Aviation law is a highly specialized branch of law which addresses all concerns associated with different facets of air travel. There is a high number of international conventions that regulate aviation law at a global level. However, countries still have their own national framework. The three main areas of aviation law include: regulatory compliance, finances and claims.
As far as Iran is concerned, Iranian aviation laws date back to a long time ago. The main body of law is Civil Aviation Law of 1959, which established the Civil Aviation Organization of Iran and also dealt with nationality of aircrafts. According to article 9 of this law, Iranian airlines have the exclusive right to domestic flights.
In addition to being a founding member state of the Chicago Convention on International Civil Aviation of 1944, Iran is part of the Warsaw system, having acceded to Warsaw Convention and two of its additional protocols, namely The Hague Protocol of 1955 and Guatemala Protocol of 1971. Iran is still not a member of the Montreal Convention on Unification of Certain Rules for International Carriage by Air signed in 1999. Montreal Convention could apply in cases when foreign airlines belonging to countries that have ratified this Convention operate flights in Iran. Similarly, the legal framework applicable to Iranian airlines operating anywhere in the world would be the one of Warsaw treaty.
As far as financing, purchase, chartering and lease of aircrafts are concerned, the latest directive, issued in 2014, allows only the purchase or chartering of aircrafts that are less than 15 years old. The new directive has also facilitated imports by reducing the existing bureaucracy. The aircraft could be purchased or leased. A lease, by definition, is transference of possession without transference of title. A lease is normally justified on grounds of financial reasons. The directive allows both ‘Dry’ and ‘Wet’ Lease for Iranian Air-lines. Dry Lease refers to leasing an aircraft without crew, maintenance and other services, while in Wet Lease the aircraft is crewed by the lessor. In this sense, a wet lease is an exception to the rule because the possession of the aircraft is not transferred and the aircraft is still operated by the lessor. There are also technical requirements for aircrafts that need to be satisfied. The leaser must possess a valid A.O.C. (air operator’s certificate) as well as a valid repair certificate and the foreign registration of the aircraft must be nullified.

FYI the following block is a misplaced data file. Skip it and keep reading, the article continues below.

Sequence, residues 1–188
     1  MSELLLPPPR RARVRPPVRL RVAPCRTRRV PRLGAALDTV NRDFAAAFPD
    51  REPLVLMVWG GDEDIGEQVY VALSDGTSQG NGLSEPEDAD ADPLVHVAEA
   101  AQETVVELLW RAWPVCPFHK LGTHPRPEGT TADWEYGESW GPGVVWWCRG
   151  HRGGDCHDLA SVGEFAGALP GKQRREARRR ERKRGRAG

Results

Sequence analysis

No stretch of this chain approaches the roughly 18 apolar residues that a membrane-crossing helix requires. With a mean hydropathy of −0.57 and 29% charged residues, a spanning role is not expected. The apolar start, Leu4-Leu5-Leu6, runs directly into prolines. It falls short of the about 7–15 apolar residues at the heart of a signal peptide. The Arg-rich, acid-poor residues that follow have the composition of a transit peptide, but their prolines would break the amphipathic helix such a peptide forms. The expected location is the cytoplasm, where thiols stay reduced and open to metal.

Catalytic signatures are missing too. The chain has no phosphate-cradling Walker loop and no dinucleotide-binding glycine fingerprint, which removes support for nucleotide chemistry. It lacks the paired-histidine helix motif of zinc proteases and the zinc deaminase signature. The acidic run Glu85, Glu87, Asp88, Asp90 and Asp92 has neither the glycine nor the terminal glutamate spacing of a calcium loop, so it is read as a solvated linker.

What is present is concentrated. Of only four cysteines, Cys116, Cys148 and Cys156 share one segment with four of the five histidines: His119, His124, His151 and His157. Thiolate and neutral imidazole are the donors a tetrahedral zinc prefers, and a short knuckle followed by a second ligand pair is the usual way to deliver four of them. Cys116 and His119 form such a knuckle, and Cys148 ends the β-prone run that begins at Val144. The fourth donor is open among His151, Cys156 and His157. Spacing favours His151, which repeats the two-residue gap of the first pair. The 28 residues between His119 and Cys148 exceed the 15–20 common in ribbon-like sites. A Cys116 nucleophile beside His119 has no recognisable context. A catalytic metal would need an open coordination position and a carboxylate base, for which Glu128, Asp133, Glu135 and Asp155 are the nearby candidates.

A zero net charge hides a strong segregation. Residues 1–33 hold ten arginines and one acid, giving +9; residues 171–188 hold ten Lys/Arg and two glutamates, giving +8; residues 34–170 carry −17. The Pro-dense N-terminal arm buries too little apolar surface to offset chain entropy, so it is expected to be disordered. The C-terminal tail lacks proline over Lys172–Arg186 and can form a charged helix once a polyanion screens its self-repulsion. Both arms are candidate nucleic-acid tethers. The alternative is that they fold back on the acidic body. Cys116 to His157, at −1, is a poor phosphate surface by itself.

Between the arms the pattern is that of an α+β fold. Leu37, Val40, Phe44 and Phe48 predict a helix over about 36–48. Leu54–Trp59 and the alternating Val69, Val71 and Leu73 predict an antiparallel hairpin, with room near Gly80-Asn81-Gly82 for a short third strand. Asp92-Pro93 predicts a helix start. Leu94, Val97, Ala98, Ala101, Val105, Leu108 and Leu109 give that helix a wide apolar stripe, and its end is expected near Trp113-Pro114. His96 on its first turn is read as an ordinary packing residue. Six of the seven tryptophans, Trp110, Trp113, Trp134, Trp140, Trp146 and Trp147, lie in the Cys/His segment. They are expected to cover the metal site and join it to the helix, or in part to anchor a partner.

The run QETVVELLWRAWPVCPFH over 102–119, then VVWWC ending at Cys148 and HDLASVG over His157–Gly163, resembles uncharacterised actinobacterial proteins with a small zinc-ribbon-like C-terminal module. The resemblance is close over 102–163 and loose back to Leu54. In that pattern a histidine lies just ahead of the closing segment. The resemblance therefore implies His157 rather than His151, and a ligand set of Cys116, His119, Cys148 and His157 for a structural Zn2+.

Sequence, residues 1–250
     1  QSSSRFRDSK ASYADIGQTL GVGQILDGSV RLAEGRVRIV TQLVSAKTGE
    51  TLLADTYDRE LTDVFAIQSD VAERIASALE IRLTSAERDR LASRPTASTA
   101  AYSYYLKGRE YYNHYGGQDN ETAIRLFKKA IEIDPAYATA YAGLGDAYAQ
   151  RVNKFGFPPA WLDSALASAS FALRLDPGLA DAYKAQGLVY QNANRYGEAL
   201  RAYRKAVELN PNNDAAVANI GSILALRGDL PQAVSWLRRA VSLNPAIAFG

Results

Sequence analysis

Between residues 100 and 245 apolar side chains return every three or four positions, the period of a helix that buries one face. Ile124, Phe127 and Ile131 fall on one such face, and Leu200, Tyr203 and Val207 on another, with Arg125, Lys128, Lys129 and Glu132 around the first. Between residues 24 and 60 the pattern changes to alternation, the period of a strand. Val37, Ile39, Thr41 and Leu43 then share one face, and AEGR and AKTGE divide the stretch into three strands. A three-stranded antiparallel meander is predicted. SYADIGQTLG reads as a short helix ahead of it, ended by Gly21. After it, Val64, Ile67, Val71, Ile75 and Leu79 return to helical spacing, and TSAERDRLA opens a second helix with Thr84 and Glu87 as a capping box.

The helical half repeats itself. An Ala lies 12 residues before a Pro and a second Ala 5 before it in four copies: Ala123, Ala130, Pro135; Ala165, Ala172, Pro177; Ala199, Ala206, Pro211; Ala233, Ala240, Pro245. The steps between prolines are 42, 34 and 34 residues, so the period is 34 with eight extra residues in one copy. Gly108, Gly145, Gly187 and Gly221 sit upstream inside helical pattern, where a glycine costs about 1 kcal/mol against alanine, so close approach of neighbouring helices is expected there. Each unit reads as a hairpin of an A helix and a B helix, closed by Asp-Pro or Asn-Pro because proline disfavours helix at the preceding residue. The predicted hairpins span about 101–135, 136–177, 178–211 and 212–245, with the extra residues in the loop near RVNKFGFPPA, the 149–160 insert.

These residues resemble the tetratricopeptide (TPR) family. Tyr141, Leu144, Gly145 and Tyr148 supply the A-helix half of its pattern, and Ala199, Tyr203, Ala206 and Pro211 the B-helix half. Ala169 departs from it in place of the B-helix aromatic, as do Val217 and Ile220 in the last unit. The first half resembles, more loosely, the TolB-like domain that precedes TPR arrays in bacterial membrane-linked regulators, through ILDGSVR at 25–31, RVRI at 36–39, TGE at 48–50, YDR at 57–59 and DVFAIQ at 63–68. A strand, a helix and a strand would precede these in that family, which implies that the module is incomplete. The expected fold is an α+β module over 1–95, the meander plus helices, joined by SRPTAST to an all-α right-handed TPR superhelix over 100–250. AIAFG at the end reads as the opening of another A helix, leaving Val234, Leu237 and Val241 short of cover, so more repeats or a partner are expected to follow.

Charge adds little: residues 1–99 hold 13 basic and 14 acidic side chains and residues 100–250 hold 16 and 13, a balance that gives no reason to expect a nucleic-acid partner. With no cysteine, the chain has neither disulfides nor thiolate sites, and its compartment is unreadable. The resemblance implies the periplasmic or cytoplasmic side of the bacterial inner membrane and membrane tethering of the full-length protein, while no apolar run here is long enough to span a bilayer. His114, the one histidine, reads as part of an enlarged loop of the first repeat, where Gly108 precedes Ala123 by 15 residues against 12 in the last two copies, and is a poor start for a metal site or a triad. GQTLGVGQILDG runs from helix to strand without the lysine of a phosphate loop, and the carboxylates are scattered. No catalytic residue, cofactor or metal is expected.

Claims could arise in case of delay, luggage loss or aviation accidents. In the Iranian legal system, a clear distinction must be made between domestic and international airlines as there are different applicable laws. Even for domestic airlines, domestic and international flights are subject to different compensation mechanisms.
Since Iran is a party of the Warsaw Convention and its additional protocols, in principle, damages arising from flights should be subject to the Warsaw system. This is particularly true when Iranian airlines are operating international flights. However, in domestic flights operated by Iranian airlines, with the enactment of the new “Iran Civil Aviation Liability for Iranian Airlines Act” in 2012, there is a dual system according to which the Warsaw provisions still apply to damages incurred to passengers’ luggage, but damages to human life, including death and injuries, arising out of accidents for domestic flights are subject to Iran Islamic Penal Law. In other words, domestic airlines in domestic flights have been excluded from the Warsaw system as far as human injuries are concerned.
Another relevant issue is insurance programs available to airlines which cover costs arising out of such incidents. At present, many insurance programs are available to airlines.